I think this is going to be the summer of reads about wealthy vacationing going wrong, lol. And I am here for all of it. Here in this story you have a young man, Corey, who is trying to figure out how to get out of his current life situation without having the stress of worrying about his younger brother and their pill popping, alcoholic mother. While out and about one night engaging in mischievous behavior, he is pulled into an issue that is going to set the scene for his summer and some important decision-making.

From the outside looking in, you think that Leo is living the perfect life with his wife and family, but in reality it is a sham and he is unhappy. He is harboring a secret that could cost him much more than he is willing to pay.  While trying to hide one secret, Leo finds himself in a much worse predicament that drives him further down the path of self-destruction.

Gina, the pill popping, alcoholic mother is such a train wreck. I thought she was a functioning addict but quickly realized that she did not have herself together whatsoever. She not only put her life in jeopardy, but also her job and the lives of her children. While being Leo’s confidant, she finds herself in a predicament that is not helpful to her already messed up situation with her addiction.

As the one single event that was supposed to transpire in secret starts unravelling and the lives of Corey, Gina, Leo, and unfortunately, Angelique become intertwined you realize that there may not be a happy ending for anyone. There are secrets, threats, and plain fear involved. You see everyone’s moral compasses spinning rapidly as they all try to figure out what to do, who to trust and when to let go.

Rating:

4 Stars

Availability:

Available May 7, 2019 in ebook, hardcover, and audiobook

I would like to thank Park Row Books for having me on the blog tour for this novel. All opinions are honest and my own.

 

 

 

book review · books · crime · Family

The Night Before by Wendy Walker {ARC Review}

Blurb:

Rosie and Laura are as different as two sisters can be. One is stable and has the perfect family. The other struggles to break free from her troubled past. When Laura disappears after going on a blind date, Rosie takes matters into her own hands.

But as Rosie begins to search for her sister, her greatest fears come to the surface. Could Laura be more of a danger than the stranger she meets, or is the night before her last night alive?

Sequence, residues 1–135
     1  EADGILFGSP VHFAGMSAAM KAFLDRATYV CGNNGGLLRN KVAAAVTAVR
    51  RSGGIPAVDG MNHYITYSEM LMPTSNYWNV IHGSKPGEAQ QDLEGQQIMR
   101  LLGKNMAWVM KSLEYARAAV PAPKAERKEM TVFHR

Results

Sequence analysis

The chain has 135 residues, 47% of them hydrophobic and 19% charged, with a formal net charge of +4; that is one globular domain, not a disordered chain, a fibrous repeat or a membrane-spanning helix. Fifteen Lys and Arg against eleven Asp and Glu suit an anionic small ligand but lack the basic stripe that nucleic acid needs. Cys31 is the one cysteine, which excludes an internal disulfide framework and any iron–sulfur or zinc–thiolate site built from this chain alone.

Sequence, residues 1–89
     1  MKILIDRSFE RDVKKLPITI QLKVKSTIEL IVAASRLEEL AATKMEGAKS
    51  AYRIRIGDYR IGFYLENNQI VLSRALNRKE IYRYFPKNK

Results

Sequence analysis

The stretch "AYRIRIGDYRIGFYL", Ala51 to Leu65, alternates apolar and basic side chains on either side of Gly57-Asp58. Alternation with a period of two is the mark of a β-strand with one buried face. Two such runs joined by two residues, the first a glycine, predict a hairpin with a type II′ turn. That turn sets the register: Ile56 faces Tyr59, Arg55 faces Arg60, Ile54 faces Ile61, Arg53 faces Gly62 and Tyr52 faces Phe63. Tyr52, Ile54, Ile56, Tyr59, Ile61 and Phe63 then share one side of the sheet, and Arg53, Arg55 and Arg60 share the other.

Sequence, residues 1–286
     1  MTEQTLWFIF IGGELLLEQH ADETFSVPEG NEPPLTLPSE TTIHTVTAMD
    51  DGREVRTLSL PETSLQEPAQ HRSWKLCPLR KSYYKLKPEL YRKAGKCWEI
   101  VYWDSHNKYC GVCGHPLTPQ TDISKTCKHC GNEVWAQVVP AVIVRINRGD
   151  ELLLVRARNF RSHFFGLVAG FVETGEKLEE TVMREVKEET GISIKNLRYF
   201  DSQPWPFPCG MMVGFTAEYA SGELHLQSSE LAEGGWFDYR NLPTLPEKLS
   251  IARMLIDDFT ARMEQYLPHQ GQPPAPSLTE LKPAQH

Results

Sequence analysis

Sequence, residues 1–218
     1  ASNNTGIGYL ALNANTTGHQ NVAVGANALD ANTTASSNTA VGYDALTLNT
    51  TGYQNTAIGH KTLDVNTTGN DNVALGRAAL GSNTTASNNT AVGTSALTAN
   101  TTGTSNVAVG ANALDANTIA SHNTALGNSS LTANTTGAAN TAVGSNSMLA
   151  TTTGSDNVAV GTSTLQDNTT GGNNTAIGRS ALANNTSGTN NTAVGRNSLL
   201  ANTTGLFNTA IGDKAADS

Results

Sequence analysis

Told in dual timelines—the night before and the day after—The Night Before is a riveting thriller about family loyalty, obsession, and what happens when the desire for love spins out of control.

Review:

This story starts with a therapy session of Laura’s and immediately I think this is going to have an unreliable narrator. I am not against those types of thrillers but sometimes it makes the character get on my nerves. However, this was proven very quickly to not be true. It’s told from the perspectives of Laura and her sister Rosie thru two overlapping timelines. Throughout the story you get the idea that Laura is your typical angry woman who got into some trouble as a young girl and is trying to make a change in her life after a really bad breakup. At one point I thought she may have even just been a crazed stalker. Nothing is what it seems in this story and some of the characters aren’t as crazy as you think and some are at a level of crazy that you don’t quite see coming.

Let’s not forget about the men in the story, Joe and Gabe. I won’t go into too much detail about them but man oh man there’s some crazy stuff that you just can’t wrap your mind around when it comes to their parts in this story.

I thought I was going to figure out what was going on and who the villain was early on in the story but I didn’t figure it out until just about the time it was revealed in the story. Wendy Walker not only throws in some twists as far as the crazed character is concerned but also throws in some secrets that make you take a double look and think what the hell kind of nonsense is this? I love a thriller that can leave me with those types of thoughts.

I am not a big reader of thrillers but I did enjoy this one. It was a quick and easy read. I started it one night and finished it the next day. I would say definitely pack this one along for a good beach read this summer. Just don’t read it before going on a blind date, especially one you’ve met online.

Rating:

4 Stars

Availability:

Available in hardcover, ebook and audiobook May 14th, 2019

A special thank you to St. Martin’s Press for my free copy in exchange for an honest review.

 

 

 

book review · books · crime · Family · reading · secrets · suspense · YA

Missing Her by J.L Willow {ARC Review}

Blurb: